What Do You Want to Change?

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What Do You Want to Change?

Have you ever had a family member or friend who had a glaring problem that you knew they needed to change, but they did nothing about it? Have you struggled with change yourself? We all typically would like to change something about how we manage ourselves or our lives: diet, exercise, finances, time management, unhealthy habits, fear, or anger.

There are usually great tips out there for how to achieve change. The simple formula for weight loss is, “eat less, move more.” To quit smoking, just throw out your cigarettes and use a patch or gum. Balancing your budget? Cut back on non-essentials, work more, and pay down your debt. Have a stubborn fear? Just face your fears and get over it. Find yourself angry often? Just breathe and count to ten. Change seems so easy, but we know the reality is that change is challenging. Even those exciting infomercials that make change look so easy include a disclaimer that the positive results shown are, “not typical.” It is hard for us, and hard to see our love ones struggling with change, especially when an unhealthy habit might lead to serious medical problems or death.

Researchers Carlo DiClemente and James Prochaska originally developed a theory of how people change including stages of change. These will likely resonate with you as you think about times you tried to change something about yourself or you watched someone change or try to change. In the first stage, Pre-Contemplation, a person does not feel they have a problem. Think of a smoker who says, “Smoking doesn’t hurt me! My grandfather smoked his whole life and lived to one hundred!” In the next phase, Contemplation, an individual may begin to consider that they have a problem, like a gambler who sees their losses mounting and their debt climbing.

In the third phase, Preparation, a person takes steps to prepare to change, such as an overweight person who pays for a gym membership and sets an appointment with a dietician. People in the Action phase of change have started acting differently, such as a family that has developed a budget and is sticking to it by tracking their expenses and cutting back on spending. After several months of keeping up a new habit, a person has entered the Maintenance phase, like someone who previously feared elevators but now uses them consistently for several months.  This is the kind of story we like to hear, of successful change.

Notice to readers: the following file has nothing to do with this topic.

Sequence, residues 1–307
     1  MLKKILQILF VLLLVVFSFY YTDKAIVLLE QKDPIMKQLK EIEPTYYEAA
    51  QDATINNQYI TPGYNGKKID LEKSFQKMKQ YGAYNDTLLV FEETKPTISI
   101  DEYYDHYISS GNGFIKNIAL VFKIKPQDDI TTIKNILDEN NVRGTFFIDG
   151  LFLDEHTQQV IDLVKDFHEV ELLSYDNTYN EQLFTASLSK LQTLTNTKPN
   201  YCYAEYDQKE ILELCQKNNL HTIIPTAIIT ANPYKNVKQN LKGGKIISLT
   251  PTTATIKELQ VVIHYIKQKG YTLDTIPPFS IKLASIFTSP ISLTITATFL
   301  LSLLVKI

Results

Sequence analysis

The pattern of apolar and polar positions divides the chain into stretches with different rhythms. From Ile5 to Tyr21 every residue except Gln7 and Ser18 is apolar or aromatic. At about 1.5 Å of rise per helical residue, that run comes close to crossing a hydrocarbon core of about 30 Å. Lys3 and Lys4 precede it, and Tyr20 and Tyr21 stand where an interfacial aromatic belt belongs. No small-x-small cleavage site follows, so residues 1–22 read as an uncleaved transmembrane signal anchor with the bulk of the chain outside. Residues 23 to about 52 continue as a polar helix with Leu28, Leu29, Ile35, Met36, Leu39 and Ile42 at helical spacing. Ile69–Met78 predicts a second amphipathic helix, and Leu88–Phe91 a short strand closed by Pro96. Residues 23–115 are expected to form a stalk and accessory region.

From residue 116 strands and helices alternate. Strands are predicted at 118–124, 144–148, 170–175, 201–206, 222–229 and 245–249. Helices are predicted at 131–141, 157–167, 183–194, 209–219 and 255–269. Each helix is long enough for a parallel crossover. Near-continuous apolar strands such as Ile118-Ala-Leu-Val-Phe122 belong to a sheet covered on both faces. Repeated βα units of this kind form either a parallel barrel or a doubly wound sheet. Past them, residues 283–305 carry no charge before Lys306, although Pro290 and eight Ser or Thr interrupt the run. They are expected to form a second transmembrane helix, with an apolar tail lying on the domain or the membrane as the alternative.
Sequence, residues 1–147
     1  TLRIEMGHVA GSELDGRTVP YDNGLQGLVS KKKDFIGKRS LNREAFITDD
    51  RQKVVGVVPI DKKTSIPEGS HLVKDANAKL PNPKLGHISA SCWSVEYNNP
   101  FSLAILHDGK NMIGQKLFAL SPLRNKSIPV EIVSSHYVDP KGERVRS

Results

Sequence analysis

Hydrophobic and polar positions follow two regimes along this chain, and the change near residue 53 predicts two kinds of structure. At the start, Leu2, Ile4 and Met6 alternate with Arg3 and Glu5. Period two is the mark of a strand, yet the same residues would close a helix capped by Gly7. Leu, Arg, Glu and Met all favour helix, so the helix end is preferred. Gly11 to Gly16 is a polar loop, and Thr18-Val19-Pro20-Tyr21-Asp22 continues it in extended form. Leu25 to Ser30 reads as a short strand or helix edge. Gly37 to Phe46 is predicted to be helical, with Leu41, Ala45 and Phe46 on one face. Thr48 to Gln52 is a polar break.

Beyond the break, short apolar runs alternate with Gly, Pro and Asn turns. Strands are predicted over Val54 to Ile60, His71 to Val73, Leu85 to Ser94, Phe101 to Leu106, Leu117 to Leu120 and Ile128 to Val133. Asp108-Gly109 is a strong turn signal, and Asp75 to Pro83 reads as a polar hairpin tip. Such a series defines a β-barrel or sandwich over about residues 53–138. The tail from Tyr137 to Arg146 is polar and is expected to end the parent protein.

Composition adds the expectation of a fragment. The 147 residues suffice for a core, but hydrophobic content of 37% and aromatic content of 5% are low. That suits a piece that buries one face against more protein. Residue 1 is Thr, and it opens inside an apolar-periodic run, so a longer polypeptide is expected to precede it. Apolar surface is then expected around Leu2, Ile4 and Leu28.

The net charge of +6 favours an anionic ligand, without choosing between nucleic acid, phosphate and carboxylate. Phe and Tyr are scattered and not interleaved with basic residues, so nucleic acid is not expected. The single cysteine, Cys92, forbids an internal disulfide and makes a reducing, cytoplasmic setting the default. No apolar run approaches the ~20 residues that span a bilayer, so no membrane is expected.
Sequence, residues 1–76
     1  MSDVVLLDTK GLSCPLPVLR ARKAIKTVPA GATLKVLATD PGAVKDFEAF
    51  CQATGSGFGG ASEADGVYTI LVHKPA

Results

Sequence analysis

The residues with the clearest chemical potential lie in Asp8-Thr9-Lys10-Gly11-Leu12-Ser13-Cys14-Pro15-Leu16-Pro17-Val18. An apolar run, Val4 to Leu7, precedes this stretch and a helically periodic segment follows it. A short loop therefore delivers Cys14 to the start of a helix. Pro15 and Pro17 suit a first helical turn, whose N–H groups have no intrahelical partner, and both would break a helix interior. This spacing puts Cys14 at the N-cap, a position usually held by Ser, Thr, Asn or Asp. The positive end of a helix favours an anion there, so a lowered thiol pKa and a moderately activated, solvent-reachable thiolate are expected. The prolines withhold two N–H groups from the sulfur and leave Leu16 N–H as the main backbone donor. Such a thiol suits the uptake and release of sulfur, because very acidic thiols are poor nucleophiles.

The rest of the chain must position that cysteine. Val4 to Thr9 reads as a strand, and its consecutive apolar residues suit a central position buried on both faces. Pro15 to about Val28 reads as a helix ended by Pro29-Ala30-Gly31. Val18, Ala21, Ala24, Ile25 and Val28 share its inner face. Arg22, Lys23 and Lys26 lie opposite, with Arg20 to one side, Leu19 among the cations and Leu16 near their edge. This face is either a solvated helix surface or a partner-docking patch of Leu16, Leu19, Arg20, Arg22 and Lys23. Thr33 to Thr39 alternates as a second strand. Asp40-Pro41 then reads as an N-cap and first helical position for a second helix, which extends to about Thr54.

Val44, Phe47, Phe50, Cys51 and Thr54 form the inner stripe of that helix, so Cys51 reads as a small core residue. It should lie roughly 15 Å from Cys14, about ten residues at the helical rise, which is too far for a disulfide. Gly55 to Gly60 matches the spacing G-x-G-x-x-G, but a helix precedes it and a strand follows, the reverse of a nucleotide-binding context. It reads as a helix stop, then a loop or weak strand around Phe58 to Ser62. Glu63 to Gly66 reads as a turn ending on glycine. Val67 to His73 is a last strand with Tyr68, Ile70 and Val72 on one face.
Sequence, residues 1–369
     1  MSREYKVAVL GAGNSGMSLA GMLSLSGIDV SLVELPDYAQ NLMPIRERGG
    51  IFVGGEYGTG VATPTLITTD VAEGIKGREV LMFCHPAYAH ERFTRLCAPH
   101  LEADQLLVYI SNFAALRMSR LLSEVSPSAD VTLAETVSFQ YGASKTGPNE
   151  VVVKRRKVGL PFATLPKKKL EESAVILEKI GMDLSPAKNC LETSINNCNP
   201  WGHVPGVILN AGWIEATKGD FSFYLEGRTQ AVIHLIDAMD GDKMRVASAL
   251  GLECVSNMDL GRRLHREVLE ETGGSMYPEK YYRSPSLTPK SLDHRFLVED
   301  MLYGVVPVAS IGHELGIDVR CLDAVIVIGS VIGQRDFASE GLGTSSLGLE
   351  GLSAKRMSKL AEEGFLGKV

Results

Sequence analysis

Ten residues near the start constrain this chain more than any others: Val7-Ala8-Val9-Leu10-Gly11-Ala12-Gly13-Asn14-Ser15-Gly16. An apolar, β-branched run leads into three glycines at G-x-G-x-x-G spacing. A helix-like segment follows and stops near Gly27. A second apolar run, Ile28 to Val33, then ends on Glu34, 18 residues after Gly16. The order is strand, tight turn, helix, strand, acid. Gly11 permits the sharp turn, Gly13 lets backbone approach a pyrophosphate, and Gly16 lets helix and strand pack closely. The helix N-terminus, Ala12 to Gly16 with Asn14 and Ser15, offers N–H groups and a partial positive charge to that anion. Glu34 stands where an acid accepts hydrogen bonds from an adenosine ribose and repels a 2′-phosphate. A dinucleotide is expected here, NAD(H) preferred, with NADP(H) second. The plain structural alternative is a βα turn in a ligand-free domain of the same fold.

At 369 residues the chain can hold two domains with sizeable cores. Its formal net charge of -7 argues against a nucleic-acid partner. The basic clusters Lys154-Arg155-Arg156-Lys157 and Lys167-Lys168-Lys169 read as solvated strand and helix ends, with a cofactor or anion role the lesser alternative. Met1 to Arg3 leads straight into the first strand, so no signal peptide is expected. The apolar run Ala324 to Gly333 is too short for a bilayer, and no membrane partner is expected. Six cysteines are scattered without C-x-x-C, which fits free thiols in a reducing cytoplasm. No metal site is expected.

However, we know that many people enter another phase of change called Relapse. Very frequently, with all kinds of behaviors, people “slip” and resort back to unhealthy habits. An example would be an alcoholic who has been sober for two years but after losing his job starts to drink again. Fortunately, the cycle can begin again and that drinker may again start to contemplate that the drinking is not helping, start attending Alcoholics Anonymous, and return to sobriety.

At Apalachee Center, Inc., we understand that our clients are all at different stages of change and use empirically supported therapeutic techniques to help them change, such as Motivational Interviewing that is based in part on the stages of change theory. In the case of severe and persistent mental illness like schizophrenia, bipolar disorder, depression, and substance abuse, issues arise when individuals struggle with recognizing they have a problem, attending appointments, taking medication as prescribed, and refraining from using drugs or alcohol.

However, the reality is that all of us at times may struggle with the same issues. Have you ever skipped a doctor’s appointment? Did you ever stop taking antibiotics before completing the full course, or not follow your prescription fully? Did you ever drink when your medication bottle said not to?  People with severe mental illness struggle with the same obstacles to change that we all do. We believe the best response to this struggle is compassion, empathy, support, and encouragement. We encourage you to do the same for yourself and others in your life as we all strive for positive change.

~ Mark Reeves, Ph.D.

Clinical Psychologist

Capital Therapy

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